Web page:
I believe in keeping my books where everyone can see them.
This isn’t about looking smart or well-read — it’s just my way of keeping things on the up-and-up: Put your guns on the table, keep your hands and books in plain sight – it’s as simple as that.
I’m suspicious of people who don’t put their books where I can see them. It makes me uncomfortable. Does this mean they don’t read? And if they don’t read, what am I doing in their living room?
Book collections help me get acquainted with people; they provide a kind of social shorthand. Almost as soon as I enter a new friend’s home, I wander to the bookshelves to nose around and get a feel for their interests. I peer at the titles, wondering if all the Faulkner and Hemingway mean they were American-lit majors in college or if they actually kick back after dinner with “The Old Man and the Sea.” Does the latest Ann Coulter book mean my new friend appreciates her politics, or is he just trying to understand the enemy?
And certain titles – Bret Easton Ellis’ “Less Than Zero,” anyone? – reveal as much about your age as a driver’s license.
When I was growing up, our house was littered with reading material. My dad stashed crossword puzzles and political nonfiction on the edge of the tub; Mom stored her novels and self-help books in the bedroom, and cookbooks piled up next to the tiny kitchen TV. My bookcases were jammed with pastel-hued Judy Blume paperbacks and Noel Streatfeild’s shoe series. And when I became a homeowner, I took such delight in my towering wall of books, you’d have thought I’d written and bound them myself.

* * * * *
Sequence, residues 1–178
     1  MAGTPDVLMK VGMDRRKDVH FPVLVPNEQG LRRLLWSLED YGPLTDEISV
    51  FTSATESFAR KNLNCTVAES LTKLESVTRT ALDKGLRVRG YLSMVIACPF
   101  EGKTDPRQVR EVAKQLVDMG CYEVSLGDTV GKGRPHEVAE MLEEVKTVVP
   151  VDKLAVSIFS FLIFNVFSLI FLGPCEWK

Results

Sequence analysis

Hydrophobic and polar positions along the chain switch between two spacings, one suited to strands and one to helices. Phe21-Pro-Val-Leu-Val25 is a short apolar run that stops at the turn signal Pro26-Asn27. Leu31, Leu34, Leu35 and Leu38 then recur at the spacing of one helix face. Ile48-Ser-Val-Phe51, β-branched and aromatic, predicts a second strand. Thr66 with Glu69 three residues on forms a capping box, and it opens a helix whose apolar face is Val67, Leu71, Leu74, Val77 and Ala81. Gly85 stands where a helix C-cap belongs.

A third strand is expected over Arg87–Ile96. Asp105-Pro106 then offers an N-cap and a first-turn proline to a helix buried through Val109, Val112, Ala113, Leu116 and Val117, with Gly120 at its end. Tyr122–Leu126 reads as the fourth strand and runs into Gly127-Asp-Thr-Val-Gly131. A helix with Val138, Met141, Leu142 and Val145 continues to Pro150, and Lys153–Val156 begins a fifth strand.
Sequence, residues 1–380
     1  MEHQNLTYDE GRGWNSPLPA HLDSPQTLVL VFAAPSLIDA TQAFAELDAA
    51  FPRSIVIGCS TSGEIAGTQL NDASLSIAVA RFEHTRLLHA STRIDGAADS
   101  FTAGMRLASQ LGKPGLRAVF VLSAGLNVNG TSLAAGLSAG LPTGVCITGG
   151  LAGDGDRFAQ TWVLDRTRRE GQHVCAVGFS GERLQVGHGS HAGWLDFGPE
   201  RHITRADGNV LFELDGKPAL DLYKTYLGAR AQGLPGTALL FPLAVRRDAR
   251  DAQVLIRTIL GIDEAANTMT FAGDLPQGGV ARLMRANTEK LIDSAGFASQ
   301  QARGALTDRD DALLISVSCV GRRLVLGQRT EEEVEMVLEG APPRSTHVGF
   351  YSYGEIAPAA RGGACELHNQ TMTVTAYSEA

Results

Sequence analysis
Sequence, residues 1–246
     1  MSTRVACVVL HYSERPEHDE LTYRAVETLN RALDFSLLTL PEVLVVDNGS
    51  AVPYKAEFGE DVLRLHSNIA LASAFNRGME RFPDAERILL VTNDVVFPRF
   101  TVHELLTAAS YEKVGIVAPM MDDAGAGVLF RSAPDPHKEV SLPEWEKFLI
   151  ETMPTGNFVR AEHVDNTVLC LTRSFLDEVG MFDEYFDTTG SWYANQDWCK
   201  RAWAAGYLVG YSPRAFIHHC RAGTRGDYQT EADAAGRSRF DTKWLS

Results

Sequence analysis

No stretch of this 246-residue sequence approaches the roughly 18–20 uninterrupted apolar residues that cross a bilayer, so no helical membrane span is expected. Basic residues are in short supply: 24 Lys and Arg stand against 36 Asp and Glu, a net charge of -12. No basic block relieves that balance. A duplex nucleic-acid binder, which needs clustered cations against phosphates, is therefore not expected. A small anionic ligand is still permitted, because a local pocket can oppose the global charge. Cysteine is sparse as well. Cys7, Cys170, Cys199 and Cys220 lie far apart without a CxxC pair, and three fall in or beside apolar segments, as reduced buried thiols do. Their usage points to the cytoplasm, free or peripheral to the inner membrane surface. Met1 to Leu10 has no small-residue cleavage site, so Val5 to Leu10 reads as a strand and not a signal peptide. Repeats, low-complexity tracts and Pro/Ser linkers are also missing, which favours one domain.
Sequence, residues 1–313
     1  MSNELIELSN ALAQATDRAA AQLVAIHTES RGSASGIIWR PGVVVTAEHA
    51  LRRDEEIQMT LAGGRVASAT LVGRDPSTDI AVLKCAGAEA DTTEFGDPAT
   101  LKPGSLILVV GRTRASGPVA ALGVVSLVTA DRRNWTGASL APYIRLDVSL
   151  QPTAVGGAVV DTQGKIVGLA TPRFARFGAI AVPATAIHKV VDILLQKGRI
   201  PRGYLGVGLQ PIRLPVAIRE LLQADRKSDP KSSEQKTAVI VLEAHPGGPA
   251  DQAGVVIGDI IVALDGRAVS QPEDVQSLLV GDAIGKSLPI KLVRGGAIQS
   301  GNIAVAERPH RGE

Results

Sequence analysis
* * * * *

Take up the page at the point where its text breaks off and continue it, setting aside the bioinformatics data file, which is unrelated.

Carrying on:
Of course, just because you own a book doesn’t mean you’ve actually read it. Quite a few “wishful-thinking” books have lined my shelves, including Gabriel Garcia Marquez’s “One Hundred Years of Solitude” and Nathaniel Hawthorne’s “The Scarlet Letter.” “Jane Eyre” remained on my bookcase for six years before I actually got around to reading it all the way through.
We all keep a few books we aspire to read. There are the books we buy on impulse because they look so pretty, and we want to touch them and keep them close to us. Then there are the books we amass because they seem essential to any well-rounded collection. Those books reveal a lot about us, too – about whom we want to be, what we wish we knew.
Of course, like most people who hold strong convictions, I don’t always practice what I preach. For the last two years, I’ve lived in a tight space; unpacking my entire book collection has been impractical. I’ve used the library a lot. But I’m saving up for something bigger – nothing fancy, just someplace where Noel Streatfeild can stand tall and line up next to Julia Alvarez, Dorothy Allison and, sure, Gabriel Garcia Marquez, out in the open, in the living room, for everyone to see.
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